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For Utility Companies, 2019 Could Prove Interesting.

The Swamp Stomp

Volume 19, Issue 3

The demand for electricity has been continuously rising for the past 100 years.  Today, however, the demand is flat, and utilities are having to rethink their growth plans.  The US utility sector was originally built around the idea of perpetual growth in the industry. Now the utility companies are realizing that this may not be the case.

A decrease in energy usage should be good news because it means people are either finding cheaper, more efficient ways to use electricity or they are using less.  Either way, that’s a win-win for the environment. At the same time though, utility companies are slowly watching their revenues dry up.  The original models for the utility industry will have to change with the times. Utilities need to devise new ways to earn revenue, mostly through services, not products, as they have in the past.

The costs involved in the production of renewable energy are getting cheaper every year, and natural gas production is higher than it has ever been. U.S. natural gas exports at the beginning of 2018 were twice the 2017 average. Huge amounts of natural gas are being produced by extraction from shale and other sedimentary rock formations. With the abundance of relatively cheap, clean-burning natural gas, burning coal to produce electricity is no longer a competitive alternative, a big change from the past.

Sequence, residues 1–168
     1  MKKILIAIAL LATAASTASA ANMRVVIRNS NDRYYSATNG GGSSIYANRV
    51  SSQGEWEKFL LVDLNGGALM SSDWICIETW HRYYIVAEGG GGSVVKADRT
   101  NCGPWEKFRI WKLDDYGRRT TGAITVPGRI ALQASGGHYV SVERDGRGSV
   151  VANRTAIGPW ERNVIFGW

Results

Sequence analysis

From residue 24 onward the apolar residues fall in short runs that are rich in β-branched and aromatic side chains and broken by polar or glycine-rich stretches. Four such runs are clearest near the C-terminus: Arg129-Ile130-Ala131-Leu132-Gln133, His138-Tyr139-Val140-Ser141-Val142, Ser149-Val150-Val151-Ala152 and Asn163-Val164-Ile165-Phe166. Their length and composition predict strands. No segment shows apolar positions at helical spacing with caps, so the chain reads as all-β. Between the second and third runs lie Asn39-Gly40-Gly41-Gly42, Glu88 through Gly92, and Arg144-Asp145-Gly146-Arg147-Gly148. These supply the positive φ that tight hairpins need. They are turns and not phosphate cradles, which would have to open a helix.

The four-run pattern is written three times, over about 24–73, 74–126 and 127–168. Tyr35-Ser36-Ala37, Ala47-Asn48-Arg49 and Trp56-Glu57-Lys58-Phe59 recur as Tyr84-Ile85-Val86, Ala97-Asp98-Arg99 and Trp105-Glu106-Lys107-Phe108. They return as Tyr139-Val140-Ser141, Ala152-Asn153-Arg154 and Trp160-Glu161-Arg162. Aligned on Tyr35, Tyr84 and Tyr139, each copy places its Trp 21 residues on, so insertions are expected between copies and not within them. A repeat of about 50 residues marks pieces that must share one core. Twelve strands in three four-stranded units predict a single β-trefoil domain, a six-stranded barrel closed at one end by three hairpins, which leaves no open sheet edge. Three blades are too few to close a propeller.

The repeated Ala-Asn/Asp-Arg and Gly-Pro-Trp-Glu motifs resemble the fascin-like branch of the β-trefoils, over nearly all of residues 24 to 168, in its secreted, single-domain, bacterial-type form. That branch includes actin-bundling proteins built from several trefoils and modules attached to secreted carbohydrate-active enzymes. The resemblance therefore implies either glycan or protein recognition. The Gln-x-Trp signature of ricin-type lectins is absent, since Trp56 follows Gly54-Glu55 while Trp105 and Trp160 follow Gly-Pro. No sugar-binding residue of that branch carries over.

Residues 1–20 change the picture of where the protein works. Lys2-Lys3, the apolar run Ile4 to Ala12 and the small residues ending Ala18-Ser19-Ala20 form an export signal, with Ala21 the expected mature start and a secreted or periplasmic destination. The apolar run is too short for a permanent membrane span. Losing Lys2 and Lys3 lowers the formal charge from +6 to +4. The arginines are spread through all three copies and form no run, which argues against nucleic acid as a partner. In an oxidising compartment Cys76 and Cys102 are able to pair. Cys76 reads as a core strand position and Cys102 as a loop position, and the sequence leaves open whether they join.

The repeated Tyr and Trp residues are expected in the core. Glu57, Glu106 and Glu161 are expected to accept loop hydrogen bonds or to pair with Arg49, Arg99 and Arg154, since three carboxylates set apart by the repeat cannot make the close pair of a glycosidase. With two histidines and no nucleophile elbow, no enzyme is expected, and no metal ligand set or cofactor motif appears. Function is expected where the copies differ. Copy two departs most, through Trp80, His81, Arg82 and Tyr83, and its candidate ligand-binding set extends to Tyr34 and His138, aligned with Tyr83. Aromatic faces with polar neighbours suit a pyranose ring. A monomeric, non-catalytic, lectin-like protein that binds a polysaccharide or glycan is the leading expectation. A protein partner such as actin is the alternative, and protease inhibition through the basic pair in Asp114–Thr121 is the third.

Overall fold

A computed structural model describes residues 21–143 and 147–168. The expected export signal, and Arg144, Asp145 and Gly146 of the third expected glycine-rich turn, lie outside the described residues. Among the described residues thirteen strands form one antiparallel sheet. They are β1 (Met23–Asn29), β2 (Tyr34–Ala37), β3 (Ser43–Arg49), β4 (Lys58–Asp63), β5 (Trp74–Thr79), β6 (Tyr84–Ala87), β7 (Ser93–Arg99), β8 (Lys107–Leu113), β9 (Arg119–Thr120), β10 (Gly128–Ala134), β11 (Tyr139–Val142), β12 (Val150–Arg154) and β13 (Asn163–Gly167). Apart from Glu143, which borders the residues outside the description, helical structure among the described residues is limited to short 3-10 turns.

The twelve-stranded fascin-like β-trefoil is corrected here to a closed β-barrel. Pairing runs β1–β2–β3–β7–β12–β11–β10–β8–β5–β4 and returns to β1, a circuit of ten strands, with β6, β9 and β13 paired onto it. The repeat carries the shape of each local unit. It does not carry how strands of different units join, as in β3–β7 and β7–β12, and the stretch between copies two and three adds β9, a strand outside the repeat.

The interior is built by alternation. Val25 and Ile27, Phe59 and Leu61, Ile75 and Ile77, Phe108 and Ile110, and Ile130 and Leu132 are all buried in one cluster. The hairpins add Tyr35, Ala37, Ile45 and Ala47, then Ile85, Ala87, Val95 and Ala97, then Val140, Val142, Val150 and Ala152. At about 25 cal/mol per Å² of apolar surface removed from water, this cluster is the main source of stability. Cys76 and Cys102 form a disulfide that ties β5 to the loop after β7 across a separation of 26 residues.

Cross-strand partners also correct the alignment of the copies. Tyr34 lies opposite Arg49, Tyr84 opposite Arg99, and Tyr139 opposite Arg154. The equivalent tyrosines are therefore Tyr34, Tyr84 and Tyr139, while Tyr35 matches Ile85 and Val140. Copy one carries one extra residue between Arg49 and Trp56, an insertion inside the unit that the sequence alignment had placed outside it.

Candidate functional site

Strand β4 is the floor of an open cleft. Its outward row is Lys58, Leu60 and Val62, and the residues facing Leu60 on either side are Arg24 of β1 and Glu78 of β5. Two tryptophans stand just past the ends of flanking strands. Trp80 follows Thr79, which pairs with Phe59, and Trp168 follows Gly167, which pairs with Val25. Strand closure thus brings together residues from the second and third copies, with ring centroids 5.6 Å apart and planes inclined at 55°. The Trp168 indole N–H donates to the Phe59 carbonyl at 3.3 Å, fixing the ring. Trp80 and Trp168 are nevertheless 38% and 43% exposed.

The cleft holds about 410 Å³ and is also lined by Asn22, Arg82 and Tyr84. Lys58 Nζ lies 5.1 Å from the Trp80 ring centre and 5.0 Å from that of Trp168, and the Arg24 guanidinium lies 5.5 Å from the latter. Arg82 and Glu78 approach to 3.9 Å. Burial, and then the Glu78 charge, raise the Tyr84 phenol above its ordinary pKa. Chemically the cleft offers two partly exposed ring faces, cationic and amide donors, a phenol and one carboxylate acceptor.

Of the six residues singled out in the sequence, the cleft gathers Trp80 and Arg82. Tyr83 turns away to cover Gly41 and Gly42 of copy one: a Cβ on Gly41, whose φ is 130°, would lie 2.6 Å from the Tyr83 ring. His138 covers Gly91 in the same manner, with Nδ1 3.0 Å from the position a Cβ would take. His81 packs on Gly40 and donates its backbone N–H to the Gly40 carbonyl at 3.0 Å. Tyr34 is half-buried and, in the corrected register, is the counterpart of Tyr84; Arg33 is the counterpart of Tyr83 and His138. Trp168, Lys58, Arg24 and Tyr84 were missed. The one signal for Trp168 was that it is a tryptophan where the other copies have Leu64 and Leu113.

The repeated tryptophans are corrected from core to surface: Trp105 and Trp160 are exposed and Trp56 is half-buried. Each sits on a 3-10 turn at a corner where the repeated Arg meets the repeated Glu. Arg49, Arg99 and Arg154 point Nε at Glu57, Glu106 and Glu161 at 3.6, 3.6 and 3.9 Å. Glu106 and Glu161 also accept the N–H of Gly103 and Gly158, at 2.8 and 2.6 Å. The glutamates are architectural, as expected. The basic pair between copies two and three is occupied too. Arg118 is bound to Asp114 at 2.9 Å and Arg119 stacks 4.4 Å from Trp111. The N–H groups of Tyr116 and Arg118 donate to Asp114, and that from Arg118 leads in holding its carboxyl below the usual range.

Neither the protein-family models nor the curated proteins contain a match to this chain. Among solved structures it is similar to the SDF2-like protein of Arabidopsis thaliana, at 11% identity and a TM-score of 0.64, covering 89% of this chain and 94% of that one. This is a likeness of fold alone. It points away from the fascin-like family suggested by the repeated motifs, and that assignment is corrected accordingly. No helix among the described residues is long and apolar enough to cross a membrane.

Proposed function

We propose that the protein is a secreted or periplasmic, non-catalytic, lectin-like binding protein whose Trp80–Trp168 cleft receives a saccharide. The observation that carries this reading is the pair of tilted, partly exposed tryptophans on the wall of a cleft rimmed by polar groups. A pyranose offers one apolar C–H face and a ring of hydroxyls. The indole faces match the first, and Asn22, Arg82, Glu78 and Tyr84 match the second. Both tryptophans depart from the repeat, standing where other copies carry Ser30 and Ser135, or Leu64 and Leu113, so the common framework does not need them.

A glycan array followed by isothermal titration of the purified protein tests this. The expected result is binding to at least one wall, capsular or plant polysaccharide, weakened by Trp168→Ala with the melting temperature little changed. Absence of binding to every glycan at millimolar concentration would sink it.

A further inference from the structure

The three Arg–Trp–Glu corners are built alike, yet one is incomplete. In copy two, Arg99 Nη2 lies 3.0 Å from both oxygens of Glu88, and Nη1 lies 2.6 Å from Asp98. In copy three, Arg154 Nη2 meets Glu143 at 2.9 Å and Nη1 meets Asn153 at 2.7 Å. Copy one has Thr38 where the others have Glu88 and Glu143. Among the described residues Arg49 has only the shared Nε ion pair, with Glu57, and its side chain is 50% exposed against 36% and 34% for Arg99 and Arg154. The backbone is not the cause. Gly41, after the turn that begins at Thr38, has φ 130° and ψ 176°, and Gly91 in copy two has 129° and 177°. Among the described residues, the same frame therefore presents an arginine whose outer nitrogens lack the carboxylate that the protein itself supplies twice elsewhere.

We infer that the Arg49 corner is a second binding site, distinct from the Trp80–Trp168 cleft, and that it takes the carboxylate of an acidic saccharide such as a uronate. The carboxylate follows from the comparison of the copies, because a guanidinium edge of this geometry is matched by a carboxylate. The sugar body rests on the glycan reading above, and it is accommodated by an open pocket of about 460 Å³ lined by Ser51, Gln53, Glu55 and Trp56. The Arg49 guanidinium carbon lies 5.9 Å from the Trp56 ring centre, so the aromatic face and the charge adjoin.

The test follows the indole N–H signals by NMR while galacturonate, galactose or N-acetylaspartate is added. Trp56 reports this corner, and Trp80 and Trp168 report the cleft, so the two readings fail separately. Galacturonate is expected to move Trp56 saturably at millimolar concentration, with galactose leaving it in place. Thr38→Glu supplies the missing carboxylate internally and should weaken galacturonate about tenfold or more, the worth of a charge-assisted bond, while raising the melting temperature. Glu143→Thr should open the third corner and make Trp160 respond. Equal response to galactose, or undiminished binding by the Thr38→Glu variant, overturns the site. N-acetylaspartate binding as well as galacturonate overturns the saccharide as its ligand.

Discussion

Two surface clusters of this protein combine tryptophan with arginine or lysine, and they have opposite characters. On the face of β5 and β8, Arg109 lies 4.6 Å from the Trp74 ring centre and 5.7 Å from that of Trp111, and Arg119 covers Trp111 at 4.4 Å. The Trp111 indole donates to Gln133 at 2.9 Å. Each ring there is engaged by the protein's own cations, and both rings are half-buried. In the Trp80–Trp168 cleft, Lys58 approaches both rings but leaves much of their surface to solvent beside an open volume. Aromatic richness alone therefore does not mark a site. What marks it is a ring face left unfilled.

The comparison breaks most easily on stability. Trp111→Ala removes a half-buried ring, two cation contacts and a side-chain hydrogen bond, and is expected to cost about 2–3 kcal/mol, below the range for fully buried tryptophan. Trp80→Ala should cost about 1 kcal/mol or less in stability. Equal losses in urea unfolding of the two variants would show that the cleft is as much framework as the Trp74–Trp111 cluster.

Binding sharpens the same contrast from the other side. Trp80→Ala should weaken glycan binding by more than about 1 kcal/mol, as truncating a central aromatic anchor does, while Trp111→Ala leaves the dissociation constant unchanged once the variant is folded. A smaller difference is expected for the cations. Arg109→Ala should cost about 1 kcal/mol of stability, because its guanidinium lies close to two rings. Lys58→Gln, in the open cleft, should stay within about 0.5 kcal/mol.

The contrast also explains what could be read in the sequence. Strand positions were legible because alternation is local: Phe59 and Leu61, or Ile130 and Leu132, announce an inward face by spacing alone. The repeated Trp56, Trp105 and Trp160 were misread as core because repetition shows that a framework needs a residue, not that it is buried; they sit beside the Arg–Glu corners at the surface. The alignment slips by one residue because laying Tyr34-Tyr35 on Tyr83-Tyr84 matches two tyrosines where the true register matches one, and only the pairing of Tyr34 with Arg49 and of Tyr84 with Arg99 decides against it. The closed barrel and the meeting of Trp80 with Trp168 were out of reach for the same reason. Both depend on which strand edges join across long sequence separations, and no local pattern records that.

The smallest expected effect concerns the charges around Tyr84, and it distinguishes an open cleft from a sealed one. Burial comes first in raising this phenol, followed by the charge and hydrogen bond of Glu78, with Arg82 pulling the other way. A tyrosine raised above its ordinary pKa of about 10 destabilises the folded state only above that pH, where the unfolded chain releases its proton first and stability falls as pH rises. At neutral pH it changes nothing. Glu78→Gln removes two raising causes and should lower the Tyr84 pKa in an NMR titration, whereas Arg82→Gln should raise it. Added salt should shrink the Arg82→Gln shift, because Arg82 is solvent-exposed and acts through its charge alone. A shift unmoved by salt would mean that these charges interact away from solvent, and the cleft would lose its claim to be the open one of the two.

What this means for the future of the utility companies is still not clear. There are two kinds of utility companies, government-owned and Investor-Owned Utility Companies or (IOUs).  The IOUs are not permitted to make money on the actual selling of electricity. They make their money by earning a rate-of-return on power plants and the infrastructure that goes along with it. IOUs are struggling now because their infrastructure investments have dried up, along with their profits and the interests of stakeholders. Future profits are no longer guaranteed.

Utilities are trying to adapt by merging and diversifying into larger conglomerates.   Duke Energy bought Piedmont Natural Gas and has diversified its business by spinning off a company to transport natural gas.  Southern Company is taking a similar strategy, buying wind and solar plants across the country.

The U.S. uses 20% of the total electricity of the world, second only to China, while its per capita consumption is almost triple the consumption of China.  In 2017, U.S. consumption of energy came from many sources.  Over the decade 2004-2014, the largest increases in an electrical generation came from natural gas, wind, and solar. Power generation from coal and petroleum has decreased while other electricity sources have either remained constant or decreased.